4-Hour Italian Language Advanced 2

This course focuses on the ability to understand extended speech, as well as technical and specialized texts. At the end of the course students will develop the ability to use language flexibly for social and professional purposes. They will be able to recognize idiomatic uses of the language and to apply register shifts. The course is specifically designed to make the most of the immersive learning environment, with activities outside the classroom, which provide a useful complement to the academic experience and help students to build their linguistic self-confidence.

Italian Cinema and Society

This course explores Italian cinema from its origins to the present time, within the socioeconomic and historical context of Italian culture and society. The course is based on the premise that film can be usefully employed in order to study a society's history and culture, including such areas as customs, ideologies, discourses, gender roles, and social problems. Areas of particular focus will include Fascism, World War II, the economic miracle, the southern question, the political terrorism of the 1970s, commercial television, the Second Republic, the Mafia, and the contemporary phenomenon of immigration. Along the way we will be looking at some of the major works of key directors, as well as at the most important genres of popular cinema, giving particular attention to the intellectual, historical, cultural, and literary matrix of each movie. Through analyzing the ways in which Italian cultural, social, and political conflicts are portrayed and worked out both in art films and popular cinema, students will be encouraged to reach an understanding of the possibilities of film both as works of art and as cultural documents.

Recommended US semester credits: 3  

International Rome: a UN City

Treating the United Nations in Rome as a case study, this course explores the purposes, background, and operations of international organizations in an age of globalization, the major challenges they face at the international level, and the responses to them of the international community. Studying in Rome will allow students to integrate class learning with first-hand experience of the UN, participating in conferences, meeting UN officials and diplomats and accessing key UN information. Students will discover the policies undertaken by the United Nations and the way they are implemented. The course will survey the UN organizations in Rome: FAO, WFP and IFAD. Students will familiarize themselves with the development priorities of these organizations. They will analyze their work and prepare project drafts that address their assigned issues and goals. Through research, meetings and debate, students will identify strengths and problems of these organizations and develop solutions by evaluating probable consequences of proposed actions.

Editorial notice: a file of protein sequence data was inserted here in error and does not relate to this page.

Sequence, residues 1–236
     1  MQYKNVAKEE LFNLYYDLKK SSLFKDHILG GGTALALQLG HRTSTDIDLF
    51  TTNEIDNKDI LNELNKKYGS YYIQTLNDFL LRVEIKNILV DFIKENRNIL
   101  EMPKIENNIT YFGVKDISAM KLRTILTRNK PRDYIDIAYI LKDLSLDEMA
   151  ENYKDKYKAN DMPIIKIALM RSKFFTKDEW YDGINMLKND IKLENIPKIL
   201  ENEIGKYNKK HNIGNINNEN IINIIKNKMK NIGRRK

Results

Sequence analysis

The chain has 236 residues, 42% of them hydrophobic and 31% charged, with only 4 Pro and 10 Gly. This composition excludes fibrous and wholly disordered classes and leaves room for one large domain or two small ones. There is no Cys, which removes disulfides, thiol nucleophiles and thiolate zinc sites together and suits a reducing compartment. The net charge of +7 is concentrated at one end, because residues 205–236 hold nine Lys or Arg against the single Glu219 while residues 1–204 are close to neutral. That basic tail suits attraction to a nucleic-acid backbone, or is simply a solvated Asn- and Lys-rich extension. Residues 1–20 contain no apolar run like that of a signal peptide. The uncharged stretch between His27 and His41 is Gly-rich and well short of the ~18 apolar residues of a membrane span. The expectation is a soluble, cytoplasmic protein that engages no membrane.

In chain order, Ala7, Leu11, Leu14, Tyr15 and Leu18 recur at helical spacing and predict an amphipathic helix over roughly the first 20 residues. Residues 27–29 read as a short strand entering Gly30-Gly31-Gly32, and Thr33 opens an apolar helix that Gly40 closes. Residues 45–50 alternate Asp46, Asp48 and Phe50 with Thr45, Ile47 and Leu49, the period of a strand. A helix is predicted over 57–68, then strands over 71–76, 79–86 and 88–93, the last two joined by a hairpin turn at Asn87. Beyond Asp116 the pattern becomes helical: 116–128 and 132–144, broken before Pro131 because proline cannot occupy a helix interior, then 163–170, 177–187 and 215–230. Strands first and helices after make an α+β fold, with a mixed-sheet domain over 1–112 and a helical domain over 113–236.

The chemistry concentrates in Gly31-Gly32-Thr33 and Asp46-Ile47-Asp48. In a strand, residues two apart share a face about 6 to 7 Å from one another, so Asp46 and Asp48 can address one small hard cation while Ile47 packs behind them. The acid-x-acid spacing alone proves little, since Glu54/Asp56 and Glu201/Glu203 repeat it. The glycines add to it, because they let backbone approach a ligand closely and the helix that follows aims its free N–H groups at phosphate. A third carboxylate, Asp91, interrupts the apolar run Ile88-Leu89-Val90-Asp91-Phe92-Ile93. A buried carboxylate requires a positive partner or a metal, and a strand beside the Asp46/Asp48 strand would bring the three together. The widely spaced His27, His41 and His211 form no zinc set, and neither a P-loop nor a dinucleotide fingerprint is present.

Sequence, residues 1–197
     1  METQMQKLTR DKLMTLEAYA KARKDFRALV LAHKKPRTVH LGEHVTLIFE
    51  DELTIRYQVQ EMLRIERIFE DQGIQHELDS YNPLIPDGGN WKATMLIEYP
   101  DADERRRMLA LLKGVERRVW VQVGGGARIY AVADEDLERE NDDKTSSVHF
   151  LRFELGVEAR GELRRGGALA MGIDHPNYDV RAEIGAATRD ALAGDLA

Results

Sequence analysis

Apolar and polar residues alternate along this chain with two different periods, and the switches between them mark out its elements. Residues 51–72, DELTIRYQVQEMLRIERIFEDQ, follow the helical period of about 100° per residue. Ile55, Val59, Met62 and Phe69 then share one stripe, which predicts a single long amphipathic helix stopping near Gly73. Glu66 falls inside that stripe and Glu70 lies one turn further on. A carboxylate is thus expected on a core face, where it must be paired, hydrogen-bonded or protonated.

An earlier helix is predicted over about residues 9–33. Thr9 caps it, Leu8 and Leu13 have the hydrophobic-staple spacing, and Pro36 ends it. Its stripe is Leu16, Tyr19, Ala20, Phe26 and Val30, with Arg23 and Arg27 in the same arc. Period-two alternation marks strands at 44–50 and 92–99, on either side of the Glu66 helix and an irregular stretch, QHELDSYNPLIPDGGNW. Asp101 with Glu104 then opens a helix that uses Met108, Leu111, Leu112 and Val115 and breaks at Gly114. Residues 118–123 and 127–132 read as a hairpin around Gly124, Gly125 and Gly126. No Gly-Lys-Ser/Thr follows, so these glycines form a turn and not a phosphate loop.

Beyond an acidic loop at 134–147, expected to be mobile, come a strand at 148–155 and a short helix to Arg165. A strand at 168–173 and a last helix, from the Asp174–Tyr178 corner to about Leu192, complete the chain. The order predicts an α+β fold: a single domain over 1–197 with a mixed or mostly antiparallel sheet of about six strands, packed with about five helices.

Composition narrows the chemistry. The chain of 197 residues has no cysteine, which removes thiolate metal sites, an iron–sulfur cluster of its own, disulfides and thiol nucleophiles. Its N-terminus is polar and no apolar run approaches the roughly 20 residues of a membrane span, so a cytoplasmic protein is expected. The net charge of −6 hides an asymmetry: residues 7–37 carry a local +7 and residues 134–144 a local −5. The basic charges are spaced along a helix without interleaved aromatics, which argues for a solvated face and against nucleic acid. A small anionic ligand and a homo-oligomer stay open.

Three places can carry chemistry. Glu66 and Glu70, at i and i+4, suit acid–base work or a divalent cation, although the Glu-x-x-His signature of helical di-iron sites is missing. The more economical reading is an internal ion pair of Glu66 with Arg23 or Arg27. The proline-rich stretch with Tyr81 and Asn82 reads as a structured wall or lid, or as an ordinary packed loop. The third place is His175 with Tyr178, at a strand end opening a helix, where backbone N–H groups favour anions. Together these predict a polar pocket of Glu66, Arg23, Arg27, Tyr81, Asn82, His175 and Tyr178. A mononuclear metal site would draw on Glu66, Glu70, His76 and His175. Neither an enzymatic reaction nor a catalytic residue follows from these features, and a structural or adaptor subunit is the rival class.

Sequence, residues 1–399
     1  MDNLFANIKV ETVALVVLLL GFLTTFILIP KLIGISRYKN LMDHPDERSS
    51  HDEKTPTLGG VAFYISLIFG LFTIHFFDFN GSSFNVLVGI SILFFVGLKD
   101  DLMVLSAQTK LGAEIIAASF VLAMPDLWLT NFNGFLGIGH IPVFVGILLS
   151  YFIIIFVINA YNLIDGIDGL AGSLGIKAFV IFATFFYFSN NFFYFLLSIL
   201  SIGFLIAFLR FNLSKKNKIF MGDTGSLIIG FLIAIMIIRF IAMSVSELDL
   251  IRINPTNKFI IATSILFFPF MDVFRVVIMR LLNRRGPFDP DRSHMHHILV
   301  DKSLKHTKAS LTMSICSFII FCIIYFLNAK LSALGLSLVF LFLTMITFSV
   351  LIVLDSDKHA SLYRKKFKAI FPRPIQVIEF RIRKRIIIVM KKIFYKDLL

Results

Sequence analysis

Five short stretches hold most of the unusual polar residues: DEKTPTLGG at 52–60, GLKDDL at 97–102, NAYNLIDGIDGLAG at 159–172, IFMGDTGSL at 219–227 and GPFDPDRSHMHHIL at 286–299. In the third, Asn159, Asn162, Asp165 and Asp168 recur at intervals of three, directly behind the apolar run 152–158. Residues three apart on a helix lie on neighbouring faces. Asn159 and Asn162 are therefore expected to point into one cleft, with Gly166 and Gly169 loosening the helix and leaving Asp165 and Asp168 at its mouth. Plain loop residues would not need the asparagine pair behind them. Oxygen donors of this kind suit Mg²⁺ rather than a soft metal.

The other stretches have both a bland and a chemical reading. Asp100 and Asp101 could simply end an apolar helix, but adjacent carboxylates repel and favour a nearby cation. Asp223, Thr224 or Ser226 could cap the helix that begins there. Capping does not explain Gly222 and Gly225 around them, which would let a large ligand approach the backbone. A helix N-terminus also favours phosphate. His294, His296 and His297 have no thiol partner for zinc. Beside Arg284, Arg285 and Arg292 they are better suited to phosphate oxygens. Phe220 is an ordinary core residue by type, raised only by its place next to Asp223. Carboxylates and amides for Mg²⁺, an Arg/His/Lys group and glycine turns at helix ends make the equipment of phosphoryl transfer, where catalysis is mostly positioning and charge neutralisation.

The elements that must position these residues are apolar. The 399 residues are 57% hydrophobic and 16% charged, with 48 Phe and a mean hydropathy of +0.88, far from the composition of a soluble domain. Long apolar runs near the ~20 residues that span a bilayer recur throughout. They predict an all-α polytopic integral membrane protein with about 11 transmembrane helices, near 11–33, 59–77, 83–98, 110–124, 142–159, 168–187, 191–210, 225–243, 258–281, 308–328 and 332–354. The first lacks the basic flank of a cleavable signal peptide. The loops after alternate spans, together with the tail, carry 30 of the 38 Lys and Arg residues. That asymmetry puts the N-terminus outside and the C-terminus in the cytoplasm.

Mind, Brain, and Behavior

["This introduction to the science of psychology aims to elucidate the basics of the structure, function, evolution, development, and pathology of the nervous system in relation to human behavior and mental life. Specifically, the course is designed to review integrated and experimentally derived information from many disciplines in order to gain a better understanding of human behavior as a function based on brain structure. Through the course students will learn how human beings perceive and feel the world;","how they think, learn, remember and forget;","how the emotions and motivations influence behavior;","how personality and well-being are structured;","how the environment epigenetically influences behavioral outcomes;","how the parental behavior may be inter-generationally transmitted to future generations. Each lesson explores the functioning of the nervous system when involved in all these behavioral processes. Emphasis is placed on scientific analysis of recent theories and interpretation of innovative research findings, with the ultimate goal of understanding more about the human mind and behavior from a scientific perspective. This course is relevant to students majoring in all disciplines in which the study of human behavior is important."]